The opinion of the court was delivered by: Hon. Dana M. SABRAWUnited States District Judge
ORDER DENYING DEFENDANT'S MOTION FOR PARTIAL SUMMARY JUDGMENT [Docket No. 54]
This case comes before the Court on Defendants American International Specialty Lines Insurance Company and Lexington Insurance Company's motion for partial summary judgment. Plaintiffs filed an opposition to the motion, and Defendants filed a reply. For the reasons discussed below, the Court denies Defendants' motion.
On November 17, 2010, Plaintiffs McMillin Construction Services, L.P., McMillin Management Services, L.P. and Corky McMillin Construction Services, L.P. ("Plaintiffs") filed the present case in San Diego Superior Court. Plaintiffs allege claims for declaratory relief, breach of contract and bad faith against a number of insurance companies, including Defendants American International Specialty Lines Insurance Company and Lexington Insurance Company ("Defendants"). Plaintiffs allege Defendants have a duty to defend and indemnify Plaintiffs against claims arising out of a construction defect action brought against Plaintiffs in San Diego Superior Court. That underlying action is currently stayed. Defendants removed the present case to this Court on December 16, 2010. On May 5, 2011, this Court stayed the indemnity portion of this case pending the stay of the underlying construction defect action.
With respect to the present motion, Defendant Lexington issued an insurance policy to MJB Heating & Air Conditioning, Inc. ("MJB") on or about August 16, 2003. (Defs.' Appendix of Exs. in Supp. of Mot., Ex. A.) That policy provided coverage to MJB for work it performed as a subcontractor for Plaintiff McMillin Construction Services, L.P. That policy was amended on or about August 22, 2003, to include McMillin as an Additional Insured. (Pls.' Appendix of Exs. in Supp. of Opp'n to Mot., Ex. 3.) In response to the construction defect action, Plaintiffs filed a claim under the Lexington policy, which was denied. The present case was filed thereafter.
DISCUSSION Defendants move for partial summary judgment on the ground that the Lexington policy does not include a duty to defend. Absent a duty to defend, Defendants argue they cannot be held liable for breach of contract or bad faith, and they are entitled to summary judgment on Plaintiffs' declaratory judgment claim.
Summary judgment is appropriate if there is no genuine issue as to any material fact, and the moving party is entitled to judgment as a matter of law. Fed. R. Civ. P. 56(c). The moving party has the initial burden of demonstrating that summary judgment is proper. Adickes v. S.H. Kress & Co., 398 U.S. 144, 157 (1970). The moving party must identify the pleadings, depositions, affidavits, or other evidence that it "believes demonstrates the absence of a genuine issue of material fact." Celotex Corp. v. Catrett, 477 U.S. 317, 323 (1986). "A material issue of fact is one that affects the outcome of the litigation and requires a trial to resolve the parties' differing versions of the truth." S.E.C. v. Seaboard Corp., 677 F.2d 1301, 1306 (9th Cir. 1982).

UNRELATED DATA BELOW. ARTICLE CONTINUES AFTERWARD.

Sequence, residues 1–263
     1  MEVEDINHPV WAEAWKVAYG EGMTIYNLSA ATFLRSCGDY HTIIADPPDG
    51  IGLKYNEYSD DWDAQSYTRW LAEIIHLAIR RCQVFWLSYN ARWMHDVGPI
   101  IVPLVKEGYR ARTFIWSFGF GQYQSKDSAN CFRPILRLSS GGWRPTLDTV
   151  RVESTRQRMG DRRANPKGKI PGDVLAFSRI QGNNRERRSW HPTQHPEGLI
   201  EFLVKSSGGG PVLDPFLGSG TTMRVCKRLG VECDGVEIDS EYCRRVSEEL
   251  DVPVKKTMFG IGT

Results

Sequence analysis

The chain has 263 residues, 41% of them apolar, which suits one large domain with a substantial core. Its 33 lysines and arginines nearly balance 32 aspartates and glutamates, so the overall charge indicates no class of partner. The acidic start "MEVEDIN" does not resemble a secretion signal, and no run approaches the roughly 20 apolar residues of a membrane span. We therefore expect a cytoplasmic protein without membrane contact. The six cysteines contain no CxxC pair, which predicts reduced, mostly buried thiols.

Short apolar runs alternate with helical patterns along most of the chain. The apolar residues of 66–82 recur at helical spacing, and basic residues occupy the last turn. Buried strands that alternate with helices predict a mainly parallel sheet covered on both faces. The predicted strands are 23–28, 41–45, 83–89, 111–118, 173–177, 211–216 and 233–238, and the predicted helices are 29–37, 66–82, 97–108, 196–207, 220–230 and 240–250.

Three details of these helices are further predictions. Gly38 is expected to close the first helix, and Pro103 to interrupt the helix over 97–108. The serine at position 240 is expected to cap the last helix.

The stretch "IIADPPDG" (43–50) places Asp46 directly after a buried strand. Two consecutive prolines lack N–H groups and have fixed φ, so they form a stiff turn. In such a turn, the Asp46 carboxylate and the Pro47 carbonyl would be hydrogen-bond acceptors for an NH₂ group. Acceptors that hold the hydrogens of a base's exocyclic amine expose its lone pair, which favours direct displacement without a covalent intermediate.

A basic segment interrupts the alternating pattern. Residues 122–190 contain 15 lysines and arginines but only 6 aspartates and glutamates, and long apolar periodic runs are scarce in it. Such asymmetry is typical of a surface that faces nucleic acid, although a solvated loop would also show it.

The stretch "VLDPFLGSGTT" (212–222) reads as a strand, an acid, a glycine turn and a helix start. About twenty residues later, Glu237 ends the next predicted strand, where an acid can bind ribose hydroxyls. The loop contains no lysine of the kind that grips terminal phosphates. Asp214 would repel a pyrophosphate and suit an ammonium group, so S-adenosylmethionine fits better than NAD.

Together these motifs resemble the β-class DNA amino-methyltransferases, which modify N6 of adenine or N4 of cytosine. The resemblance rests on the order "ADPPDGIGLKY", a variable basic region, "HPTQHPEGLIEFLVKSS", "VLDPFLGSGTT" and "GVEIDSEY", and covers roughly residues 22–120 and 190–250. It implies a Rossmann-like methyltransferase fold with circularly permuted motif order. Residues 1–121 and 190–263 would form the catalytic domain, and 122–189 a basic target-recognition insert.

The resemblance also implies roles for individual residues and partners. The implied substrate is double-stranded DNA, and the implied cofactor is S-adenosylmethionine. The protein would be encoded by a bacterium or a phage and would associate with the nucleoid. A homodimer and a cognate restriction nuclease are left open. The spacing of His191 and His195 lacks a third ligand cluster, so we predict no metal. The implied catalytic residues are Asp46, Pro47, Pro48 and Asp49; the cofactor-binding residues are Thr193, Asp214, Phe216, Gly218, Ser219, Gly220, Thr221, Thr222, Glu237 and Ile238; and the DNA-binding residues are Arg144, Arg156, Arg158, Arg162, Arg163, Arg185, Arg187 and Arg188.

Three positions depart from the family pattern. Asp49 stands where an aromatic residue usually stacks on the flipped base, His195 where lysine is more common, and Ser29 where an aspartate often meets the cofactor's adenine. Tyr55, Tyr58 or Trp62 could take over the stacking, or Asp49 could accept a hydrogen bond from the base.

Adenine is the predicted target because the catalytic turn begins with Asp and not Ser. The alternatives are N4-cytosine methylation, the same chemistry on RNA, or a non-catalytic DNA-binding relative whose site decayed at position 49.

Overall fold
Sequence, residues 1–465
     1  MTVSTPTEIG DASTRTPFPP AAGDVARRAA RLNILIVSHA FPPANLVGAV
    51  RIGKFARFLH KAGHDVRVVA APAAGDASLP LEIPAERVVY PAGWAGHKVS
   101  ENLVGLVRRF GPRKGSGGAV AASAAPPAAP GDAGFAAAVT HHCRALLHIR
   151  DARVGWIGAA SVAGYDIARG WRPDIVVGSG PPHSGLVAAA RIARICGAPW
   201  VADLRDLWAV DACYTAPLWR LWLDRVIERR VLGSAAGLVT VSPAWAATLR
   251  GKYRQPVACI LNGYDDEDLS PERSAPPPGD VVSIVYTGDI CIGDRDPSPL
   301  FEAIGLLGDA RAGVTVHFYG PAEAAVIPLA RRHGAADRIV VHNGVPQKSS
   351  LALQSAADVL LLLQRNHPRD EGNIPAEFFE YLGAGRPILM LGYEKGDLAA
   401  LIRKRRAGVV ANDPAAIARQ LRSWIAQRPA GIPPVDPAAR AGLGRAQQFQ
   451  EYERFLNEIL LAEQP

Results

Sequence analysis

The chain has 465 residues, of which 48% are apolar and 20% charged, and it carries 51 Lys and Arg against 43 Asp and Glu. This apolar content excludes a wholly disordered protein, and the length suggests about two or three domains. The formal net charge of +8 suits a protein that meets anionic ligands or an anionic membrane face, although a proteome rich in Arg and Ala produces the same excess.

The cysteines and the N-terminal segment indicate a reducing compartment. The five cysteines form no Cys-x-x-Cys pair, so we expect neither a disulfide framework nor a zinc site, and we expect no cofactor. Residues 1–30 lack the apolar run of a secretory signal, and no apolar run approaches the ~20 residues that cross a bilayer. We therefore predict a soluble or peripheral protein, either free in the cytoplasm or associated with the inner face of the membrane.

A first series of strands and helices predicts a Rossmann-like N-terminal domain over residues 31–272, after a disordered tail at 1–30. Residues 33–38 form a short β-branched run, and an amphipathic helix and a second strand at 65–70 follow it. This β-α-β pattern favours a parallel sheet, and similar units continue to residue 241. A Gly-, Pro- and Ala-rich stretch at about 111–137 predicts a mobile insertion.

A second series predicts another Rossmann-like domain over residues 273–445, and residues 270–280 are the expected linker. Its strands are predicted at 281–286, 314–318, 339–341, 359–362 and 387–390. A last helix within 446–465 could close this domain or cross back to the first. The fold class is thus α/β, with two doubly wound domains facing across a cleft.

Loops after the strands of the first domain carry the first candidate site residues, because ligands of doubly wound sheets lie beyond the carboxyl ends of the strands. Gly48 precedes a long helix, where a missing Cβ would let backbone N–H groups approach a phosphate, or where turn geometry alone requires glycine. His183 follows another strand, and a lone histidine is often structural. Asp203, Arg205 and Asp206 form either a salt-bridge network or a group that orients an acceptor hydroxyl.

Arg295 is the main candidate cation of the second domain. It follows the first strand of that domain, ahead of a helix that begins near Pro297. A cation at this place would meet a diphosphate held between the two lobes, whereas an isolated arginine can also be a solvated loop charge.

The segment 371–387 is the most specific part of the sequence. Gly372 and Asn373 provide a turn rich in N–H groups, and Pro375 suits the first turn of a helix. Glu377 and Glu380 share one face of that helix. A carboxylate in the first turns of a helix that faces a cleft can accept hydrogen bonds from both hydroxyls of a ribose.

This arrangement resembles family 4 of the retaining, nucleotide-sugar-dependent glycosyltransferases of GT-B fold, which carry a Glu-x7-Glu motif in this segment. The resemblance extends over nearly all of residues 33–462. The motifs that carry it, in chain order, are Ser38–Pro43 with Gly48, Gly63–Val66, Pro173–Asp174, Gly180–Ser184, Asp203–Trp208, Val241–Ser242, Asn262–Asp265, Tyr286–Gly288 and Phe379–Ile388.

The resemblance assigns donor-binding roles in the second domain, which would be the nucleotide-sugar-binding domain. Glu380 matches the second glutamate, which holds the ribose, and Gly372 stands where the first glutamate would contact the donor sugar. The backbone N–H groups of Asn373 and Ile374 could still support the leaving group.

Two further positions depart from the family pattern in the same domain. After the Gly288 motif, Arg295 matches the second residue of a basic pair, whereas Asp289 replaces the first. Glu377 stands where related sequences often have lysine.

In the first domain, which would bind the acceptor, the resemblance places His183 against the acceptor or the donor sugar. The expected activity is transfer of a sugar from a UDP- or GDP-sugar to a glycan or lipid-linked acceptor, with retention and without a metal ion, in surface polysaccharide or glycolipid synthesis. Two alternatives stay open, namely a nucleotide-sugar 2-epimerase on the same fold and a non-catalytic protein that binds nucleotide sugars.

The burden then shifts to the opposing party to show that summary judgment is not appropriate. Celotex, 477 U.S. at 324. The opposing party's evidence is to be believed, and all justifiable inferences are to be drawn in its favor. Anderson v. Liberty Lobby, Inc., 477 U.S. 242, 255 (1986). However, to avoid summary judgment, the opposing party cannot rest solely on conclusory allegations. Berg v. Kincheloe, 794 F.2d 457, 459 (9th Cir. 1986). Instead, it must designate specific facts showing there is a genuine issue for trial. Id. See also Butler v. San Diego District Attorney's Office, 370 F.3d 956, 958 (9th Cir. 2004) (stating if defendant produces enough evidence to require plaintiff to go beyond pleadings, plaintiff must counter by producing evidence of his own). More than a "metaphysical doubt" is required to establish a genuine issue of material fact. Matsushita Elec. Indus. Co., Ltd. v. Zenith Radio Corp., 475 U.S. 574, 586 (1986).
Defendants argue they have no duty to defend Plaintiffs from the underlying construction defect action according to the Lexington policy. In support of this argument, Defendants rely on two provisions of the policy. The first is the Additional Insured Endorsement, which amends Section II of the policy "to include as an insured the person or organization shown in the Schedule, but only with respect to liability arising out of your ongoing operations performed for that insured." (Defs.' Appendix of Exs. in Supp. of Mot., Ex. A at LEX 00165.) Next, Defendants rely on exclusions j(5) and j(6), which exclude coverage for "property damage" to:
(5) That particular part of real property on which you or any contractors or subcontractors working directly or indirectly on your behalf are performing operations, if the ...